On Sat, Aug 20, 2011 at 4:48 AM, Gokulakannan Somasundaram
<gokul...@gmail.com> wrote:
> a) First of all, it(Visibility Map) should have definitely affected the
> scalability of postgres in scenarios where in updates occur during a time
> batch window. May be the increase in speed of vacuums negate that effect.

I think that you have switched gears here and are in this paragraph
talking about the 8.4-era visibility map changes rather than my recent
work.  There is zero evidence that those changes caused any
performance problem.  I've spent a large chunk of the last four months
looking for scalability problems and I haven't come across any
evidence that this is an issue.  If you think it is, let's have a test

> b) Second, currently the index scansĀ  don't touch the visibility map and in
> future they are going to acquire share lock on that. This should increase
> the contention.

Maybe.  Of course, we're only talking about cases where the index-only
scan optimization is in use (which is not all of them).  And even
then, if bringing in the heap pages would have caused buffer evictions
and the index-only scan avoids that, then you're trading contention
for exclusive locks on the BufFreelistLock and buf mapping locks for
shared-lock contention on the visibility map page.  Furthermore, the
latter will (except in very large relations) only need to be
shared-locked and pinned once per scan, whereas you might easily have
a case where each index probe forces replacement of a heap page.

What I am slightly worried about is that our machinery for taking and
releasing buffer pins is going to become a scalability bottleneck at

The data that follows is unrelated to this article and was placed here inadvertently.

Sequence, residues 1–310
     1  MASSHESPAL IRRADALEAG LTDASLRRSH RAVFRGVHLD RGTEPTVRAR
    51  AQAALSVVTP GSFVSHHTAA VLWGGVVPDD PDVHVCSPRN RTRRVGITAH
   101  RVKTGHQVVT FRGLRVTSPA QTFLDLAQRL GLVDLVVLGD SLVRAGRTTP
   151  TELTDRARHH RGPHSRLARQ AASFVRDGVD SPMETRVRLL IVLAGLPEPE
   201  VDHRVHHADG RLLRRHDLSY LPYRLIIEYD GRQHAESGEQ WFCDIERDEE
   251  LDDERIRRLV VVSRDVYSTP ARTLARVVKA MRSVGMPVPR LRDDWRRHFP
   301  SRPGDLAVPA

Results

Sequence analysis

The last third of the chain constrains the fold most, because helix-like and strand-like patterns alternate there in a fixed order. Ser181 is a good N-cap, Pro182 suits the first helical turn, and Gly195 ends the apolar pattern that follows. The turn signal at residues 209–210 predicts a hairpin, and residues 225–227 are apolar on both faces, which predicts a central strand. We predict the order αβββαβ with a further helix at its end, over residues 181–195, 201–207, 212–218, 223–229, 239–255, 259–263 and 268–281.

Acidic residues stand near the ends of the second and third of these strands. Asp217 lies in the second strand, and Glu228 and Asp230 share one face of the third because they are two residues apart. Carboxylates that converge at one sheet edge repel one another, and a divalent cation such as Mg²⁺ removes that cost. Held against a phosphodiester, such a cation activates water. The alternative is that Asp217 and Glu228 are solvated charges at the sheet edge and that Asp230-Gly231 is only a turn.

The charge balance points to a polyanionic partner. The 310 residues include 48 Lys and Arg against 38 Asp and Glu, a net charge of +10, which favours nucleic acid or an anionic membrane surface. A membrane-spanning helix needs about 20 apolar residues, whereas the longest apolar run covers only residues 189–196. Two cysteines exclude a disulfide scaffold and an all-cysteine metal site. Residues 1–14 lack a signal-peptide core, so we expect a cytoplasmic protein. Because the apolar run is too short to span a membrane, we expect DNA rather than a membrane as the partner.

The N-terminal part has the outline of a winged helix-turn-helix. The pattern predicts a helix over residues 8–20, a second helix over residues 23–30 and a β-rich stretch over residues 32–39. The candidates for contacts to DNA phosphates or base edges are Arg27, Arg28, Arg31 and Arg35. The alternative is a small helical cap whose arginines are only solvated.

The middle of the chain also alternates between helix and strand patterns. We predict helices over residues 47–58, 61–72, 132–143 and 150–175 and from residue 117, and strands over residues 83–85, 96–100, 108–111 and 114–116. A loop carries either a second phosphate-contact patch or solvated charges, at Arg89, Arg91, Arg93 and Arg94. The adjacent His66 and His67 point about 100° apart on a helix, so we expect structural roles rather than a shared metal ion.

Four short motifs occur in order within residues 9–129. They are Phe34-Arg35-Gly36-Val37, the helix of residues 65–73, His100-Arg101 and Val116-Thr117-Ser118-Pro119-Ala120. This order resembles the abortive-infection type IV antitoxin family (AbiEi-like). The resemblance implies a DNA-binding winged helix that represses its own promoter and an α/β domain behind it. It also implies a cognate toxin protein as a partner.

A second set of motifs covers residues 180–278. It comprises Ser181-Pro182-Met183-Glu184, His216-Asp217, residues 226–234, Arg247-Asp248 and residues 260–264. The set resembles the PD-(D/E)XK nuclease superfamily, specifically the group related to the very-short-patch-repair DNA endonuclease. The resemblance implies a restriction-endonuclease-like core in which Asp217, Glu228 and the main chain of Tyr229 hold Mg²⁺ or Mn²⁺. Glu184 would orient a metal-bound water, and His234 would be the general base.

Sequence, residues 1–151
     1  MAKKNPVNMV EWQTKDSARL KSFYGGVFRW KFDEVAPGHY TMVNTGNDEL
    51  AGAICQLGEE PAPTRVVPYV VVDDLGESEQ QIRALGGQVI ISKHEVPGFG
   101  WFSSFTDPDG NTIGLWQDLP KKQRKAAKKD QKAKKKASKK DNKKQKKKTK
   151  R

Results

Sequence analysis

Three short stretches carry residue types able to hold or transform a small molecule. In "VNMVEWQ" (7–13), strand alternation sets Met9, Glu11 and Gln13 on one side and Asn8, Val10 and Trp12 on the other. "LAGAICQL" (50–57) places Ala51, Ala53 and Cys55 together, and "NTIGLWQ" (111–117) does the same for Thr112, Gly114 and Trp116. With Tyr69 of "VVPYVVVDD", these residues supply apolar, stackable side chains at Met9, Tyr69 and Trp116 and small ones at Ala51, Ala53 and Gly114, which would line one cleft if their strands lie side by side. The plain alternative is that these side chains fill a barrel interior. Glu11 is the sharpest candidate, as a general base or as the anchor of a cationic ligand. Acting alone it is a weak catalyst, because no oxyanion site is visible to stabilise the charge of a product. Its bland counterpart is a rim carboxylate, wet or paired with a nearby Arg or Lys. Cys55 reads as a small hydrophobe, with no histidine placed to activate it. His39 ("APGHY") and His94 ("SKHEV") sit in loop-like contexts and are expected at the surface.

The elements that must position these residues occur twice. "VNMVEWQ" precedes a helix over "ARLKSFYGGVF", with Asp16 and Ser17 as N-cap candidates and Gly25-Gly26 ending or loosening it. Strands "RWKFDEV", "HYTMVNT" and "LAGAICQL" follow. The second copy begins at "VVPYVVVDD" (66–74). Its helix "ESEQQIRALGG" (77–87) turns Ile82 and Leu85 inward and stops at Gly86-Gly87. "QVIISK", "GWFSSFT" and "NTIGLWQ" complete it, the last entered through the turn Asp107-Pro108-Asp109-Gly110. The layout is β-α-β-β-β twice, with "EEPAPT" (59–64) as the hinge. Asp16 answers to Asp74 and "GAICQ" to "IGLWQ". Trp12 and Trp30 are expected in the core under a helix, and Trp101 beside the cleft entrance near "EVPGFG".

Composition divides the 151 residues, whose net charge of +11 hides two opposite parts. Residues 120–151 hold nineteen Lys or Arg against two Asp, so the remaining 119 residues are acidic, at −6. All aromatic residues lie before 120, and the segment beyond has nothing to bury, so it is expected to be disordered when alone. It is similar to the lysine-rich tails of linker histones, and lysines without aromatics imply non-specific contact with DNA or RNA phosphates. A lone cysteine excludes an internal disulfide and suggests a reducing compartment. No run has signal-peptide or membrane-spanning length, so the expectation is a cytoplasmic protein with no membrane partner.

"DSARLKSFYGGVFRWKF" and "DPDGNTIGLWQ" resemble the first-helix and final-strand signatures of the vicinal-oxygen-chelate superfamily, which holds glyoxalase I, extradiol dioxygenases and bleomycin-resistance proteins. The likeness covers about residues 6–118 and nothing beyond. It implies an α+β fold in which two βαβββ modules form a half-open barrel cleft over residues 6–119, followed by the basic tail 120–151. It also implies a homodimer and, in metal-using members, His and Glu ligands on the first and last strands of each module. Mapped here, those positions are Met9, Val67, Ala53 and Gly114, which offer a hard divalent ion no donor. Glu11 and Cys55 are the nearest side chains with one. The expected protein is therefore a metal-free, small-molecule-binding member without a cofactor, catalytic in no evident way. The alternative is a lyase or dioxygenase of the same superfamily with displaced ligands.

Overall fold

some point, and certainly very hot pages like root index pages and
visibility map pages could become hot-spots for such contention.  But
the experiments I've done so far suggest that there are other more
serious bottlenecks that have to be addressed first.  If it does rise
to the list, we'll find a way to fix it, but I think skipping the
index-only scan optimization is going to be a cure worse than the

> c) Your statement : "The contention on the VM buffer would be just as bad
> whether you hold the heap page lock at the same time or not."
> I am talking about the contention time frame of the heap page. It will be
> increased Consider my statement in conjunction with the scenario 2.

Sure, but here again, what is your evidence that this actually
matters?  It's not increasing by very much.

> d) In addition, currently there is no WAL Logging, while the bit is cleared,
> which would not be the case in future and hence the exclusive lock held on
> the visibility map is going to be held for a longer time.

This is false and has been false since the visibility map was first implemented.

> You might definitely see some performance improvement, if you are testing
> this in anything less than 4 cores. Bump up the core count and processor
> count and check whether this affects the load-throughput curve.

I'm fairly certain I already did that experiment, on a 32-core
machine, but since the patch you're worried about went in two months
ago, I'm a little fuzzy on the details.  Maybe you should test it out

Robert Haas
EnterpriseDB: http://www.enterprisedb.com
The Enterprise PostgreSQL Company

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